“We are at a crucial crossroads of human history. We are losing traditional cultures with their ancient ways of life and spiritual beliefs at catastrophic rates … With my photography of the First Peoples of our fragile planet, I hope to show spiritual traditions from our past in the present, and become part of the process in some small way of helping prefer life for future generations. I believe photography plays a crucial role in helping sustain and revitalize cultures on the edge.” – Chris Rainier

“With my photographs, I hope to show the past in the present and become part of the process of pressuring life for the future. As our television sets carry us boldly about the world, and as the chainsaws fell the last trees that hide the lost peoples, we lose an essential mystery, and with it, the wisdom which may lie there. If we would be citizens of that world, then we must do all we can to ensure the survival of that world. As only one form of life on Earth, we must keep our humility and finally honor life itself. Once the fragile umbilical cord to our primal past has been severed, we will find ourselves truly alone, without purpose, adrift in a vast space with nowhere to go.” – Chris Rainier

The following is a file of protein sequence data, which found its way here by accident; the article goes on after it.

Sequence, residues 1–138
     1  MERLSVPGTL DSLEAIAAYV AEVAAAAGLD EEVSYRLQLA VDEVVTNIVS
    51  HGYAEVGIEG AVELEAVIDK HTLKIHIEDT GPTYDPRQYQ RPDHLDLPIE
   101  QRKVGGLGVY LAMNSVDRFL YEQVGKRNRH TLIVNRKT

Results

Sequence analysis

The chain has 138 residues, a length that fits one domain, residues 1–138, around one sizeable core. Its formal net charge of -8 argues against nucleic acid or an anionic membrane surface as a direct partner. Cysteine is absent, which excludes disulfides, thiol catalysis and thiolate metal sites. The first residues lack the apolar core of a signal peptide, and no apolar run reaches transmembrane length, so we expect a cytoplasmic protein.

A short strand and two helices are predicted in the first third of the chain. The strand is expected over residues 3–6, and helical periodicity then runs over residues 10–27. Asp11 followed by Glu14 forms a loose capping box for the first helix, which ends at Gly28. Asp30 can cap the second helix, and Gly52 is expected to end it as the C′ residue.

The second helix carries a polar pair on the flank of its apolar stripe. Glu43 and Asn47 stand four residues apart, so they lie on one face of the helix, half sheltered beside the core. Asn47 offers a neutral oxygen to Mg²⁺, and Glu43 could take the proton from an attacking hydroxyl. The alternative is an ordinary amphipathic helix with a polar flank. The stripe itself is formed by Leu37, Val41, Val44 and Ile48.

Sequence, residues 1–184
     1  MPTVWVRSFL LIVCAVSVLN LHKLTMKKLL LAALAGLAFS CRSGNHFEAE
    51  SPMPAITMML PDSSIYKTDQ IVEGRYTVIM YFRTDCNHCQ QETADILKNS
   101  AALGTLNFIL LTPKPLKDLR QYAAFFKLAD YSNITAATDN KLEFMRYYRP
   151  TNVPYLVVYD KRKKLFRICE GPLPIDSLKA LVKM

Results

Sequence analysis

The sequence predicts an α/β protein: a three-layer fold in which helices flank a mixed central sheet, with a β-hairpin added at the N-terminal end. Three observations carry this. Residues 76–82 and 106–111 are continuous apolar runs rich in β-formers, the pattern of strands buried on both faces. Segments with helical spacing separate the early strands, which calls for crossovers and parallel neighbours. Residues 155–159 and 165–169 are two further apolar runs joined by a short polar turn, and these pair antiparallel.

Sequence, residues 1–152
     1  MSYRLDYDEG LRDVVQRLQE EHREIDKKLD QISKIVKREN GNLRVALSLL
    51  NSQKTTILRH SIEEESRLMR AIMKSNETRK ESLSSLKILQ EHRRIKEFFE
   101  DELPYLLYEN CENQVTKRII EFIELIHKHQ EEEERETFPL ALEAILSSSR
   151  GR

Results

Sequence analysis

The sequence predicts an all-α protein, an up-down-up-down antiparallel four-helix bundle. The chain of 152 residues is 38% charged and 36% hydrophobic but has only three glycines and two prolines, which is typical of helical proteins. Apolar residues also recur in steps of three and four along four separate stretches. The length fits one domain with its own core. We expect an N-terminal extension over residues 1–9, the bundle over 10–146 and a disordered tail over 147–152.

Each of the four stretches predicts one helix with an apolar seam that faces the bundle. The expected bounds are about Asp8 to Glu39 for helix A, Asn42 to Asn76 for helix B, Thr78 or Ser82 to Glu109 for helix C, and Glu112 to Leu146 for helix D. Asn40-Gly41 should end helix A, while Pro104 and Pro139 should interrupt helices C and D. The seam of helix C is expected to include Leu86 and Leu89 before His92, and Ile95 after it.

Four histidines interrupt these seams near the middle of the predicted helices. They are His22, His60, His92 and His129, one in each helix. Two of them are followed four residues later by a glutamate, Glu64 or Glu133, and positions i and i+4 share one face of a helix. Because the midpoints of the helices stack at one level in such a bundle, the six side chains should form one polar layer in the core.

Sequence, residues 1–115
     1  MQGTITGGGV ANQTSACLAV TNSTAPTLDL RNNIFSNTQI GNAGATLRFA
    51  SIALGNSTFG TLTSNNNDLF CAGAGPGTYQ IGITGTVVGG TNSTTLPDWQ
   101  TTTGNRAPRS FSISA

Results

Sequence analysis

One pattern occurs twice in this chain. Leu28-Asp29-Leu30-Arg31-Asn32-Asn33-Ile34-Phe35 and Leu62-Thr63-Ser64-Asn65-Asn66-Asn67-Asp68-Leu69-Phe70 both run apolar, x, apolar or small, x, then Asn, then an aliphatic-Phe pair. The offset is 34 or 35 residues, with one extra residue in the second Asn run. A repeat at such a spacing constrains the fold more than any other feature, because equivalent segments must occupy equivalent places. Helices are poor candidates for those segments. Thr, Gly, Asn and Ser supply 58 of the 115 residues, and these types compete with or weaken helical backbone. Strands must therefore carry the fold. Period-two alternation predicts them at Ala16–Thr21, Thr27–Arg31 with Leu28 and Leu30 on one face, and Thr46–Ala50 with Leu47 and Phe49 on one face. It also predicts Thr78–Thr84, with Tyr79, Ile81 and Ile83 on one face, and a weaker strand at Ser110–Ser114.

“What would happen if you gave a camera to the Afghan girl in Steve McCurry’s iconic photo? How different would those photographs be? Not to replace the Steve McCurry’s, but rather to create another chair at the table of the dialogue of what it means to be human. It’s not an either/or. It’s not a good or a bad. It just simply is.There are voices out there that have incredible vision, and we aren’t accessing them enough.” – Chris Rainier

“There’s so many cultures that are still now not connected and are getting left behind in the digital divide. More and more, this is a world where you don’t exist unless you’re online, and you don’t have access to information to education to empowerment, to women’s issues, to job opportunities, unless you’re connected.” – Chris Rainier

“I have come to realize that the further I evolve as a photographer, regardless of where I point my camera, I am taking a self-portrait — a reflection of my own story, my own beliefs, my own point of view. Nothing more. Nor do I presume that where I point my camera and take a picture is a reflection of the absolute truth. There is no such thing as an absolute truth. All images merely reflect the emotion of the photographer and the opinion of the reviewer. As it is stated in photography, there always exists two individuals in every image, the artist and the observer, and their sets of beliefs and cultural biases.” – Chris Rainier